Alice Springs, Australia.- A few hours before local sunrise, on April 9, was carried out the second flight of the Austral 2017 campaign. The balloon was launched by a team of the balloon group of the French Space Agency, CNES, from the Australian Balloon Launch Station, located in Alice Springs airport, in Northern Territory.
As occured with the first flight, the objectives were multiple: to perform solar cell calibrations in flight, to expose several experiments provided by Canadian universities and even to transport some pieces of art to the stratosphere. Unlike occured with the CLIMATE flight las week, the mission was performed during the day.
Before entering into the details of the flight, let's first meet CARMEN, the "lady" who made this mission possible.
The CARMEN stabilized gondola was originally introduced in late 2012 by the Nacelles Pointees (Pointed Platforms) CNES team and was developed with several concepts in mind: modularity to allow the inclusion of several instruments devoted to the same or different research areas in one mission, reusability to overcome the difficult to adapt a platform specifically designed around an instrument to another, thus reducing costs and developing times and finally cargo volume which is maximized to allow the installation of many instruments onboard.
A year later of it's presentation, it took part of the flight qualification plans of NOSYCA, the new command-control system designed for the stratospheric balloons of the CNES. By using CARMEN the CNES team was able not only to test the system under maximum load conditions but also offered the scientific community flight opportunities using instead of dummy loads or useless ballast, small experiments that could be acommodated in the new gondola.
The design of the outer structure is based on the previous experience of the CNES using similar configurations of strong tubes or bars and balls as anchor point. The overall empty weight of the platform structure is near 275 kg and the space to accomodate the payloads is composed of 4 removable trays, which can support a weight of 100 kg, while the mass occupied by a single payload is of up to 400 kg.
In addition, the cells that form the exterior walls of the gondola can also accommodate a total of 400 kg of scientific instruments or services gondolas (telemetry, telecommand and so on).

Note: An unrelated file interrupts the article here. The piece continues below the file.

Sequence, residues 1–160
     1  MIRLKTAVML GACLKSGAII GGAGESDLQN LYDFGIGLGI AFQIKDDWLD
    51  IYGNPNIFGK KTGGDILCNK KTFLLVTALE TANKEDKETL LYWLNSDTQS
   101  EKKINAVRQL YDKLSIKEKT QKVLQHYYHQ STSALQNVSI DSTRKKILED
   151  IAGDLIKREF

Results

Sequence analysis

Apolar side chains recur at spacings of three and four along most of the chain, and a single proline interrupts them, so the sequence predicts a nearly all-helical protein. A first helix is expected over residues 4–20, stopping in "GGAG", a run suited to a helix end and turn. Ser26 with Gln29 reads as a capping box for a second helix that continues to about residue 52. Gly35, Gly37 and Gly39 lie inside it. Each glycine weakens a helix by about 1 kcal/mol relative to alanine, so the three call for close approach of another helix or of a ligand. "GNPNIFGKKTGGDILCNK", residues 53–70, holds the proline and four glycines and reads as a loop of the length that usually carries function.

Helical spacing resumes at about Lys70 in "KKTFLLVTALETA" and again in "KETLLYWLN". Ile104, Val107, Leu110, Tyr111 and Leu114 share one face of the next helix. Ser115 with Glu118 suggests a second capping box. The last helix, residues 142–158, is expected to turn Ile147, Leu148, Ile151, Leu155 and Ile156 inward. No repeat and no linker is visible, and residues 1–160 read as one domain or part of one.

For this particular mission, CARMEN hosted on its central bay, a module denominated CASOLBA, which stands for (CAlibration de cellules SOLaires sur vol BAllon). Flown alone since 1975 in many CNES balloons, its a highly sophisticated payload specializing in air mass zero (AM0) calibration of solar cells. Calibrations are performed at high altitudes (above 36 km) where the solar spectral irradiance is very close to AM0. The cells calibrated in this way can subsequently be used as standard solar cell in various laboratory tasks for solar cell characterization by sun simulators.
CNES is the only laboratory in Europe carrying out calibration of this type above the atmosphere. In all 24 cells of different type would sent aloft in CARMEN.
The rest of the payload space was assigned to six Canadian experiments which were able to get onboard thanks to an agreement with the Canadian Space Agency. They were:
A final experiment named LOAC (Light Optical Aerosol Counter), was also onboard. It was developed by the LPC2E (Physic and Chemistry for environment and Space Laboratory, Orleans, France) and its goal is to determine the concentration and the size of the solid and liquid particles in the air, with sizes from 0.2 to 100 µm.
The balloon was launched as usual using the auxiliary balloon method, which by the way, it's one of the smoothest way to get airborne a balloon payload. The weight of the fully loaded CARMEN gondola at launch was of 754 kilograms. After launched, the balloon reached a maximum altitude of 37.3 kilometers and from there, the balloon was valved down to start a slow descent to 31.6 km. Finally the mission was terminated after 12 hours and 33 minutes of flight, and the payload was recovered in good shape North of Tanami road between Hamilton Downs and Milton Park. Below these lines is a picture of the moment of the balloon release published by the Canadian Space Agency.
Also, below these lines there is another image which was taken by one of the onboard cameras looking right below the balloon path during the flight. Doing some map research I've managed to mark the only clearly visible feature of the image: the Stuart Highway which connects Alice Springs with Darwin, in the north coast. At left you can see the untouched full-size original image as was published by CSA on Twitter.
With only one more mission to perform, the Austral 2017 campaign is near to be concluded.
Stay tuned to more news about the upcoming flight of the PILOT telescope, the most important flight and the reason for the realization of this CNES balloon launch campaign in the southern hemisphere.